This letter is a great read, you can check out the entire thing here. But here’s my question. Where are today’s Dr. Kings? One of my biggest hopes for my life is to be a part of a community who fights for the upside down world of Jesus, and it’s implications.

So what about you? Have their been times in your life that you have found yourself fighting upstream? Are their areas of your life that you feel are counter-cultural? If so you are in a stream of redemptive history that goes back to Bethlehem, and you may find yourself writing your own letter.

But don’t worry, all the best letters come from jail.

On May 18, 2009


Kevin Roose was a student at Brown University. He grew up sans religion and found himself at an ivy school unable to understand religious conservatives, and so he did the only thing that you would expect someone in his position to do.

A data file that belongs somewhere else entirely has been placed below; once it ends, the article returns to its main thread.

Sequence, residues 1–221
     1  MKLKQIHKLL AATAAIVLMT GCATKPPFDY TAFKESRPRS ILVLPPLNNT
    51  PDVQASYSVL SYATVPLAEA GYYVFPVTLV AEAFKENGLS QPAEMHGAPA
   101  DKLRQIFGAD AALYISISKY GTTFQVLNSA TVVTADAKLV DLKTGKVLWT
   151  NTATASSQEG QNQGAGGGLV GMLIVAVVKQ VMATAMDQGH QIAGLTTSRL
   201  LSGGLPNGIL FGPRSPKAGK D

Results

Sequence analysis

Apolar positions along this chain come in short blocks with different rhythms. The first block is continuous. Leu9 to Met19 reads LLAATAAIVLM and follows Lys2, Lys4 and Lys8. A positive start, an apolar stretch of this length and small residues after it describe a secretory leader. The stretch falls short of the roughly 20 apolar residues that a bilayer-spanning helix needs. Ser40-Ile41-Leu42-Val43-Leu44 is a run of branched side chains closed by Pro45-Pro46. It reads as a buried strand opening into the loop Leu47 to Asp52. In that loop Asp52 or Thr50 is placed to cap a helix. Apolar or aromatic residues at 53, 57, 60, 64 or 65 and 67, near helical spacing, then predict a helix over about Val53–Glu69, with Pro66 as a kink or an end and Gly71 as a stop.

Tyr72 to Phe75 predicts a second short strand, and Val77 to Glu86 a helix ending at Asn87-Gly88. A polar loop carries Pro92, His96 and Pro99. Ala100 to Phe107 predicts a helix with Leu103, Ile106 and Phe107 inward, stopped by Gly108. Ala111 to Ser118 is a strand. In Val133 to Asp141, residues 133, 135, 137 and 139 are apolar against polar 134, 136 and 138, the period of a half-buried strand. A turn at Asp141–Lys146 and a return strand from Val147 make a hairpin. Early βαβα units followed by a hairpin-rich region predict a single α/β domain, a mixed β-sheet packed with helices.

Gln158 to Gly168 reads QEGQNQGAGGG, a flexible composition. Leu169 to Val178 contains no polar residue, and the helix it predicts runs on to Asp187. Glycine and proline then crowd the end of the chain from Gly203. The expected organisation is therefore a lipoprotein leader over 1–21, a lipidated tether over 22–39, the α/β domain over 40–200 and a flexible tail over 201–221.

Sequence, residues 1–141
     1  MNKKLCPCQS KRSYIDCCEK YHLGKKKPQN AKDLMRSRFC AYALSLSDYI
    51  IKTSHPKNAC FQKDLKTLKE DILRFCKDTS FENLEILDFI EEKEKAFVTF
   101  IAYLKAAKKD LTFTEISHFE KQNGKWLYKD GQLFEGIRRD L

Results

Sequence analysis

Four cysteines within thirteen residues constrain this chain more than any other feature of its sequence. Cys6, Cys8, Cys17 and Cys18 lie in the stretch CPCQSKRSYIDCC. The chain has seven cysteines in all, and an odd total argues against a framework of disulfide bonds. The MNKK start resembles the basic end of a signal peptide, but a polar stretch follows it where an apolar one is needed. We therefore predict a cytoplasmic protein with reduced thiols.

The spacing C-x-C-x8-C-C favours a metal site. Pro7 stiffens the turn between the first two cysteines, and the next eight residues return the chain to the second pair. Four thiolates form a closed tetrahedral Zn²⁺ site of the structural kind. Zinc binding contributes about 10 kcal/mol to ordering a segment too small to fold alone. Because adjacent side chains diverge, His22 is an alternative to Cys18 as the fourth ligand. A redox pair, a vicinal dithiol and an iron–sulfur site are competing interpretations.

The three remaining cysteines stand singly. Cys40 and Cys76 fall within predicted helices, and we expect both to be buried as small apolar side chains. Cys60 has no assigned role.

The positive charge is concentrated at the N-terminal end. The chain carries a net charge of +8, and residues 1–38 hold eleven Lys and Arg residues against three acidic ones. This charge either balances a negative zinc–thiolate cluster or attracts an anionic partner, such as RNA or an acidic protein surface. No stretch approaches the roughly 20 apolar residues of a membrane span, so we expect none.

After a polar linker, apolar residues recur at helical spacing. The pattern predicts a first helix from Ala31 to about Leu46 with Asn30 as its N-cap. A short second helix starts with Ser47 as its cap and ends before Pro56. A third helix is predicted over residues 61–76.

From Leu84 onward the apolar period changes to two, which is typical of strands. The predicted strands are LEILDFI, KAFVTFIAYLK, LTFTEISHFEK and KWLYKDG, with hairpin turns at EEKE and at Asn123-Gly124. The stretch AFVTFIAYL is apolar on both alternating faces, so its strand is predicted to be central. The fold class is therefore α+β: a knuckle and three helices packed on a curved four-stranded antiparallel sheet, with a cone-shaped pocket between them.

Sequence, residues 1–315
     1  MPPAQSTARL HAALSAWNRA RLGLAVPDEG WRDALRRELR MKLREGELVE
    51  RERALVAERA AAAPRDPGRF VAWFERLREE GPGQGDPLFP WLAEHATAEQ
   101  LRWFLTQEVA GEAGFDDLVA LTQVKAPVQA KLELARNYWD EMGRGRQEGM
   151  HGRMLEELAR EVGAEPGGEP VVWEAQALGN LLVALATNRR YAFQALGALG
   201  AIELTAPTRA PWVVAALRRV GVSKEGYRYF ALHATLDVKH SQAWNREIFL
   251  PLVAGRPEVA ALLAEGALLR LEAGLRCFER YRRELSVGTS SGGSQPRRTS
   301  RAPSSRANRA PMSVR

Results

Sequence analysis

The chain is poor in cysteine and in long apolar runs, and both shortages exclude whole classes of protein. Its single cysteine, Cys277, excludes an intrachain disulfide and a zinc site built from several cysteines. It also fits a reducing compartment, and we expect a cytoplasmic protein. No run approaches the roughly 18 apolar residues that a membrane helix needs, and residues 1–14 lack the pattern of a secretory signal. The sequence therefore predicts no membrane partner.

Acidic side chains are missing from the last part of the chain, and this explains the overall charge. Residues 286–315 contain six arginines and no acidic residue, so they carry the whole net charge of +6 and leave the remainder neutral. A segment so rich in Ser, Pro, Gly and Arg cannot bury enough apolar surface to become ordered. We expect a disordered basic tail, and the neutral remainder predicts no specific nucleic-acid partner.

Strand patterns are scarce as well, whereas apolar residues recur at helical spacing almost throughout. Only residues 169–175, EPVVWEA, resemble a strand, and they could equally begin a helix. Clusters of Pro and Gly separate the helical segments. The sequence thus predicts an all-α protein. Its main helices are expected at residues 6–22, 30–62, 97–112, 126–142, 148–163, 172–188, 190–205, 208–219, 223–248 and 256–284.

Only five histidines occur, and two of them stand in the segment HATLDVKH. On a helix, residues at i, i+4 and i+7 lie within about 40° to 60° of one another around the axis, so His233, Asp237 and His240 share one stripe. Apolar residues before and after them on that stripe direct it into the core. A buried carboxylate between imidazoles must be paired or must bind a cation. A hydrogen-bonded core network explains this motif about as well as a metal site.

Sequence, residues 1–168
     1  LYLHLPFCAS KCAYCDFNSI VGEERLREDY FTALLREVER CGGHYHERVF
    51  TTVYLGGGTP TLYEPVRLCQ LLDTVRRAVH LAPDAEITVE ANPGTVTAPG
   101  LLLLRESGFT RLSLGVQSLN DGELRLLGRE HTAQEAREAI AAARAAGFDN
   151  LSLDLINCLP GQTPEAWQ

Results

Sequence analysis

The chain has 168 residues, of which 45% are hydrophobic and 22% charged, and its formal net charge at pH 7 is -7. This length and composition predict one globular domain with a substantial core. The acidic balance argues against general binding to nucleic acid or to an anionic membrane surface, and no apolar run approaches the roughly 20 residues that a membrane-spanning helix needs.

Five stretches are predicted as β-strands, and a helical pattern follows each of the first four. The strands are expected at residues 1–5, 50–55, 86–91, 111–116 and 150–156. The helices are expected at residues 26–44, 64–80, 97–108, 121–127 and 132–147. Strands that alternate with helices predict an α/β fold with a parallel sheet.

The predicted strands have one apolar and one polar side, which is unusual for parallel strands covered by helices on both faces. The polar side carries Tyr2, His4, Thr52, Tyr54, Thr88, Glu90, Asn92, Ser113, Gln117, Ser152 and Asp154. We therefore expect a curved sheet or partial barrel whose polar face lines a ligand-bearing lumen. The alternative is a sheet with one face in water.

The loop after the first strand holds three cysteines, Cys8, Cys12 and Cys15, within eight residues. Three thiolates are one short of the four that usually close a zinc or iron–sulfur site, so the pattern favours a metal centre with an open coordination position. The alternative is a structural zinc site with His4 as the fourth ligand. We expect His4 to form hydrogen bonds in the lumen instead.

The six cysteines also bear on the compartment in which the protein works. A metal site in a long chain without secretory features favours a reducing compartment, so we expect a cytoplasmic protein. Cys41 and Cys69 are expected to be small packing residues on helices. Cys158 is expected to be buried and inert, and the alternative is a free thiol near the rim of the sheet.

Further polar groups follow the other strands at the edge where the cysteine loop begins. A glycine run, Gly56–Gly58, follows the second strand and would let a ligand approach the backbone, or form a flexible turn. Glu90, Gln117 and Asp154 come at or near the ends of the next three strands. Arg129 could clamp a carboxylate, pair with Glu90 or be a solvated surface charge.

He enrolled in Liberty University for a semester.

That’s the college that Jerry Falwell founded and administrated. Kevin Roose enrolled and befriended people without telling anybody that he wasn’t a Christian. He went to church, joined the choir, prayed with people, went to accountability groups, and even had a mentor discipling him.

And he did it all without converting. He wrote a book about this experience called “The Unlikely Disciple” and it’s a great read. Roose is witty, poignant and has a lot of great advice to give Christians. The satirist P.J. O’ Rouke once said that making fun of Christians is like “hunting dairy cows with a rifle.” So to be honest, I was a bit skeptical. Roose is irreverant at times, and there are several things I disagree with him on, but to be honest I found myself saying often, “yes, that’s exactly how I feel.”

One such story was with his experience with a spring break mission trip he went on.